[March 30 2021]
Olivia Sterling’s ‘White Bread’ at Cob Gallery features an oblique riot of social commentary coded through ‘slapstick’ imagery of British children’s parties. Subtle critiques of racial contexts both past and present, are whipped up like cream in a distinctive blast of perspectives, colour and playfulness. On view now, virtually, and by appointment from April 14-24.
JETHRO TURNER – You’re originally from Peterborough, which is such a quintessentially ‘Middle England’ place and this show plays with a lot of notions around Englishness and Britishness. How do you feel that sort of messy sense of nostalgia and identity plays out in the pictures?
OLIVIA STERLING – There’s quite a nice cathedral, but it’s one of those places where there’s nothing. When you grow up where there’s nothing really to do, I suppose birthday parties feel especially amazing, and the aesthetics of those 90s and early 00s parties really bled into the painting. I was looking at my old photos and orange and yellow and green were such key colours in how people decorated houses for birthday parties. And my mum took loads of pictures of the party spreads, full of really beige foods like sausage rolls and scotch eggs. Everything feels very small and ordinary and I tried to really melt that into the paintings.
JETHRO TURNER – The boldness of the colours amplifies all of those feelings, a bit like the intense artificial colours in 90s cookbooks for kids.
OLIVIA STERLING – Exactly and, for instance, a ‘Colin the Caterpillar’ cake [a famed Marks & Spencer kids’ birthday cake – Ed.] is mostly brown but also intensely green and pink and white. The one book I based some of the paintings on, especially ‘Titivate’ and ‘How to Ice a Cake’ was a dairy book. It’s got such a weird mix of photography of awful looking puddings that even though it was the 90s look very 70s, and then wonderful, really clear cut illustrations.
JETHRO TURNER – And there’s an extra layer of social commentary that’s really integral to the paintings – there’s a reference to Cruickshank’s racist print from the 1819, ‘The New Union Club’. How did you discover that and what inspired you to load that into the paintings?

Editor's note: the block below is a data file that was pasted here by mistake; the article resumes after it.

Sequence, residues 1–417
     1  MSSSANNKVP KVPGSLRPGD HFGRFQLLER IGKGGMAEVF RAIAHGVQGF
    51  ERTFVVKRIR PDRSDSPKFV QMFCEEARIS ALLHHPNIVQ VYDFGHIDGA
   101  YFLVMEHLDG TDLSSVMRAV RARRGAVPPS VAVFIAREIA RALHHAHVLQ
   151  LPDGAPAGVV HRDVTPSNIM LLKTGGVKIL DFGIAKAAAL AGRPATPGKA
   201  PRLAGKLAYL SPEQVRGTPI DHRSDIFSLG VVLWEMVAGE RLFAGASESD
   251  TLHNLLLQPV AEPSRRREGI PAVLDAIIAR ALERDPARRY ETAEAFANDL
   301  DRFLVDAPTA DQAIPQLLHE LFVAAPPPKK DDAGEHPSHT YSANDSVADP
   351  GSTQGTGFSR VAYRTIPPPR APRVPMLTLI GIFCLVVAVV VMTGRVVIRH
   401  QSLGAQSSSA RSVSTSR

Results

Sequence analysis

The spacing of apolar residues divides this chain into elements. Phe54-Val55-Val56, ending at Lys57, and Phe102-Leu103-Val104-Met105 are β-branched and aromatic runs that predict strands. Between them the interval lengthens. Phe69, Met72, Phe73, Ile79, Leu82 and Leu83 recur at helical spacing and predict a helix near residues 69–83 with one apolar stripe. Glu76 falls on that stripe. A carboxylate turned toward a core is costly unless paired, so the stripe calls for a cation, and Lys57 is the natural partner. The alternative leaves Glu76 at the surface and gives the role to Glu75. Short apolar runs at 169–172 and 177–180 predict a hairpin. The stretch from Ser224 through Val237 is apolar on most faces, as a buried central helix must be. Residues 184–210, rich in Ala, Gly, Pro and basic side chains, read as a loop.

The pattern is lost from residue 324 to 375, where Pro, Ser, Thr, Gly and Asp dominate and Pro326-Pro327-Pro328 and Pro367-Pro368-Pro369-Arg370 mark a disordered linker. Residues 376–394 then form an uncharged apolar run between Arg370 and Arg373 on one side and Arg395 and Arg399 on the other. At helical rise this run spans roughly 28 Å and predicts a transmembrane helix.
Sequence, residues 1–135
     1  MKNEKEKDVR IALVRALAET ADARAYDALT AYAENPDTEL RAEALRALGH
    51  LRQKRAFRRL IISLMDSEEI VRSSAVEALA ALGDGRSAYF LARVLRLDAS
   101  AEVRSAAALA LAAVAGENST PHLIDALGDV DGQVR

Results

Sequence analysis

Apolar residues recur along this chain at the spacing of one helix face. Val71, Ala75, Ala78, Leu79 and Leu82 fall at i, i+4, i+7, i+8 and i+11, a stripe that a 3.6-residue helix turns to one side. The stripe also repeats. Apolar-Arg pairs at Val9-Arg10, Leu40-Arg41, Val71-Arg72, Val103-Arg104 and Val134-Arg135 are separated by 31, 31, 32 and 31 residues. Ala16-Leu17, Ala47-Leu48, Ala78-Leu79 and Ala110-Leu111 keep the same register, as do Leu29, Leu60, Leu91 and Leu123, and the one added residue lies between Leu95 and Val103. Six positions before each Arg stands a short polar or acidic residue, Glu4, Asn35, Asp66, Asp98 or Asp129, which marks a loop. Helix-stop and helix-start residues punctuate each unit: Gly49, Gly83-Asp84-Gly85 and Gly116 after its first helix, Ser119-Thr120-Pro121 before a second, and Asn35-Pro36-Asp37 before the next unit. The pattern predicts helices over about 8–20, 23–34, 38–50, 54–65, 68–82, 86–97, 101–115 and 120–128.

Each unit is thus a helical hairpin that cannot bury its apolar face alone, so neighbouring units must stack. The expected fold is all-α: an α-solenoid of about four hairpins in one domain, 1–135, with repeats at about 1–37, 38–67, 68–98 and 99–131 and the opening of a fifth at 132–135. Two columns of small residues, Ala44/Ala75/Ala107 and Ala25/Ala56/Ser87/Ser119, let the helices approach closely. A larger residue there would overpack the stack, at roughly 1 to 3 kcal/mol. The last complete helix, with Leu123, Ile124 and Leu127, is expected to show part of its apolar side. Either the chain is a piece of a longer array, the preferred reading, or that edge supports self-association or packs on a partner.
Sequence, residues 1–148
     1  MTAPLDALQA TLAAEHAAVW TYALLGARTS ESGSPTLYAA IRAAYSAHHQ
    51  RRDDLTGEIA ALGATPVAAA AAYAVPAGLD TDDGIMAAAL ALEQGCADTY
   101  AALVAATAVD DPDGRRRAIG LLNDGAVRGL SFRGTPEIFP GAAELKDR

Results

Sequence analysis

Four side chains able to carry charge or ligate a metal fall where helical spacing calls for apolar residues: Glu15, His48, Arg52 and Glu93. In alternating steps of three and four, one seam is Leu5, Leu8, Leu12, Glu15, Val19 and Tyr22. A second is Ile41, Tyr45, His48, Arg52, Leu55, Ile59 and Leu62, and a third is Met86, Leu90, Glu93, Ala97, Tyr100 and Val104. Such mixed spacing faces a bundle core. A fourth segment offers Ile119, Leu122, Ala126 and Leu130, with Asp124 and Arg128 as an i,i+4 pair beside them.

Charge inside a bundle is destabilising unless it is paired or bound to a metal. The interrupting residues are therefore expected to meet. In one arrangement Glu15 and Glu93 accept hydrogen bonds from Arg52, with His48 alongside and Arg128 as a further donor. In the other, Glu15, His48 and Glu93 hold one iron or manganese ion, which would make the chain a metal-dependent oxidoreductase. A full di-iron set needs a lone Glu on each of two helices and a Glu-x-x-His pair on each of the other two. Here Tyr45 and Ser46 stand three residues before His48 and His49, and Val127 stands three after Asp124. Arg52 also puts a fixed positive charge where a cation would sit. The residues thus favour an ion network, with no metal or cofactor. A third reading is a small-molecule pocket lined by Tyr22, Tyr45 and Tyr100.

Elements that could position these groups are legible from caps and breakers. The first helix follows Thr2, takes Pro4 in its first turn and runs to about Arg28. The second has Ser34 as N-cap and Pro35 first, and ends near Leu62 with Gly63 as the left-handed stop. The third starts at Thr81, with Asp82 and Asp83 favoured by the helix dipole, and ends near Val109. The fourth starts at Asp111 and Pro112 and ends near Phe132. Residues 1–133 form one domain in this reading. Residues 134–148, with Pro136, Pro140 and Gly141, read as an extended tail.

OLIVIA STERLING – I love caricature and I was searching for black figures in caricature, and this one came up. There’s a couple to the left in the midsection where it’s a black woman and a white man and they’ve made a baby and the baby’s split in half – black and white. There’s another baby that’s piebald like a horse, and it really kind of shook me to my core, especially because I think it was one of the first imaginings of what it would be like when black people moulded into British society. I just don’t know if we’ve shaken off the stereotypes that are linked to black and white bodies. Obviously racism is still here, it’s just kind of died down in a very British way. So that’s why I’ve made quite ordinary looking paintings with absurd tweaks to them in order to sort of throw you off a little bit. Caricature is just very helpful to me – it was important to transform that into the paintings to ask things like: what does it mean when you paint a white figure? What does it mean to paint a black figure?
JETHRO TURNER – You’ve worked with a kind of labelling of skin tones and colours within the images which is both coded and also completely obvious – almost paint-by-numbers. Why did you decide to integrate that?
OLIVIA STERLING – The title of the show is White Bread, and even though I didn’t make a painting of it, it refers to when you have a party and someone has labelled the sandwiches with little cocktail sticks, like ‘white bread with eggs’ or ‘brown bread with eggs’. It’s really just quite a simple symbol or metaphor to look at the binary between blackness and whiteness, and that filters out through the show, especially with covering a chocolate cake in white icing. Even though it’s very simplified it feels like how you feel as a person of colour, especially in a mostly white nation. How you are definitely one thing, but, especially if you grew up British, how you feel like another thing: you know what a Scotch egg looks like, you would have made masks out of paper plates etc. It really is trying to reframe the obvious – that this ‘otherness’ is sort of an everyday thing.
JETHRO TURNER – I love the focus on the food and how it’s so coded with identity that comes out so strongly. You capture all of that really potently.
OLIVIA STERLING – I just wanted to make something that was like a real fantasy, because obviously birthday parties are quite literally the opposite thing of what we’re doing right now under lockdown. And painting parties allows so many scenarios where I can interrogate these points of view. Especially because a lot of the paintings are from different perspectives, but they’re still watching the same sort of things happen – like someone running with a birthday cake or someone having something smeared onto them, or people sharing food or someone making a cake. I tried to make something very unifying.
Photos and interview by Jethro Turner